So, let’s get into this. One of the most common questions I hear from parents who are new to Japan, or just new to parenting in Japan, is: Is it culturally acceptable to nurse in public in Japan?
My answer, yes, but also no. It’s been my experience that breastfeeding is generally accepted and supported in Japan. You will not get anyone looking at you in a weird way or trying to shame you for breastfeeding.
However, Japanese culture is generally very private and there is not a cultural movement of nursing without a cover in Japan like there is in other countries. Covers, in many different forms, are quite common, but in places such as restaurants, shopping malls, or sports games, I have actually never seen a Japanese mom breastfeeding without a cover.
BUT I think that is due to a lovely invention…the nursing room! Nursing rooms or baby rooms are incredibly common in Japan, especially in big cities like Tokyo. Nearly every department store or shopping center has one (or multiple) and almost all kid-focused places will as well. You will almost always find another parent using the space because they are clean, quiet, and eliminate distractions while feeding. From what I’ve seen, most breastfeeding parents in Japan (myself included!) prefer to take their baby to a nursing room versus feeding in public with or without a cover.
Riding the shinkansen? There is a “multipurpose room” available on most shinkansen! Ask your service attendant and they should be able to unlock it for you. It’s a private room and perfect for nursing.
Not sure where the nearest nursing rooms are? There’s actually an app for it in the iTunes store. (Click here to download MamaPapaApp) Also many bloggers such as The Tokyo Chapter, share baby room locations within their itineraries.
Prefer nursing without a cover and don’t have time to find a nursing room? Don’t sweat it! Trust me, no one is looking and no one is going to say anything to you either. I’ve always felt comfortable nursing coverless in parks, baby friendly restaurants such as Chanoma in Daikanyama, mama and me fitness classes, and pretty much anywhere where I have other breastfeeding parents around me. I also had to nurse on the street in Shinjuku once!
Here are some more tips:
There’s strength in numbers! Especially as a new breastfeeding parent. When everyone is doing it around you, it’s not a lot of pressure just on you. If you were to be approached and told to stop for some reason, the person would have to tell a whole group of people versus just one, which makes it a lot less likely.
Nursing in the baby carrier was also a game changer for me. You really can’t see anything, especially in carriers with a cover, such as the Ergo Baby, or a wide stretch of fabric, such as the Pikimama sling. I recommended wearing two layers on top, your shirt with a tank top underneath, so you can pull your shirt up to expose the breast but still have your stomach covered by the tank top. This is the easiest way to nurse in public in general!
Be flexible! Babies change so much in such a short amount of time. One day they might be fine with the cover, the next day they are tearing it down! In the early weeks, I found the cover convenient since Asahi would nurse for 30-40 minutes at a time and that was a long time to be locked away in a nursing room, especially if we were out to eat! But once he got a bit older and more efficient with nursing, I was fine going to the nursing room for 15 minutes or so. At that point he was too distracted by everything around him to nurse in a busy, noisy restaurant anyways!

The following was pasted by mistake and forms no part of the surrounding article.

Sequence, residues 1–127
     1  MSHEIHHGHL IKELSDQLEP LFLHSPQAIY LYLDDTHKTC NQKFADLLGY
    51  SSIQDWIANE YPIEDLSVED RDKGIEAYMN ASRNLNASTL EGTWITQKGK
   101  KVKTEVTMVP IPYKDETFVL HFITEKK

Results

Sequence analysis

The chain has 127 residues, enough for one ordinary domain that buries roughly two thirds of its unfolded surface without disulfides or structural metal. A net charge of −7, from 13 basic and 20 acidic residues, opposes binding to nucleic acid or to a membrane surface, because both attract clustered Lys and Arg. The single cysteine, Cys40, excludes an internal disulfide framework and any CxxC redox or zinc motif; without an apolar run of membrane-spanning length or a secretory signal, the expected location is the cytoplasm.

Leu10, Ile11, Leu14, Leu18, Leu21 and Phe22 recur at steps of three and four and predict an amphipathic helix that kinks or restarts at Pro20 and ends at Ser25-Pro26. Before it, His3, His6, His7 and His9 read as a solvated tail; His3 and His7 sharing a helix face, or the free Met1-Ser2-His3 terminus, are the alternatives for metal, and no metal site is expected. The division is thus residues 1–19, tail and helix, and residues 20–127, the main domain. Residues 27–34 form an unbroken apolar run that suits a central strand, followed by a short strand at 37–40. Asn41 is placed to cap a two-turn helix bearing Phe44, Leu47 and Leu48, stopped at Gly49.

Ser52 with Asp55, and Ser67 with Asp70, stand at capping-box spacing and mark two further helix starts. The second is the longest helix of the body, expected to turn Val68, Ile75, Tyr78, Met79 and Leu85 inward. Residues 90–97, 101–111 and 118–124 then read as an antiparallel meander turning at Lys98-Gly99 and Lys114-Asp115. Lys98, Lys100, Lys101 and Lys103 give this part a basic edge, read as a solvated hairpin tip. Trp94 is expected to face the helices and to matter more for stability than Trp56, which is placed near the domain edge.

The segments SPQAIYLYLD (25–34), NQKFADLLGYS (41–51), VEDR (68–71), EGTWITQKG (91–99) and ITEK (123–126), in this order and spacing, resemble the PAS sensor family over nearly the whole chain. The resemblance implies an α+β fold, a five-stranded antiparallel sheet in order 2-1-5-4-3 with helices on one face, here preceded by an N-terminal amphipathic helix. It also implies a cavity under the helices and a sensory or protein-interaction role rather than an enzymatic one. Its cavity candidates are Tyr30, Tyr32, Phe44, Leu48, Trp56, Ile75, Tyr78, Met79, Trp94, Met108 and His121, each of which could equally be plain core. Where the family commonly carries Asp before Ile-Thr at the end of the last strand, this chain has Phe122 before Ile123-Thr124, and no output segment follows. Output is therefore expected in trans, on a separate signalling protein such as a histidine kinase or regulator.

Practice first! If you are anxious about nursing in public, practice in front of a mirror so you can see just how much skin is showing to the outside world. This is also useful for nursing in the baby carrier. Practicing at home first can make you much more confident when you go out.
When baby needs to eat, baby needs to eat! Too many times I waited until Asahi was screaming on the train to finally nurse him because I was too anxious to do it in public. Guess what? No one cares! You are feeding a baby and babies don’t only get hungry at home! I know I will definitely be less anxious the second time around.
What has your experience been like nursing in public in Japan? Good experience? Bad? I want to know!
4 thoughts on “Breastfeeding in Public in Japan – An Honest Guide”
i love Japan’s nursing rooms. It gives the kid and i some respite among the crowds and a comfy place to rest as he nurses. Though they can really be quite stuffy during summer!
Yes I love them too! But I agree they can be stuffy. I nursed in one in Karuizawa that was basically a curtain pulled around you but still open to the air. Good thing it was winter! I wouldn’t want to use that in summer!
I’ve been living in Japan for 8 years, but never seen anyone breastfeeding in public… I have an impression that moms with young infants don’t go out that much. I also didn’t go farther than park until the first vaccination and will keep avoiding central Tokyo until the first measles vaccine.
I had to ride shinkansen at 2 months though, and breastfrd in the room for disabled passengers. When it was not available, they opened some tiny room for me (i think it was resting room for staff).
Thanks for your insight! The multipurpose room on the shinkansen is so useful and one of my favorite tips! I should add it to this list, thanks for the reminder! I also agree I think people tend to not take young infants out that much here, or maybe they stay around home. I have however, seen parents breastfeeding in public but not so often.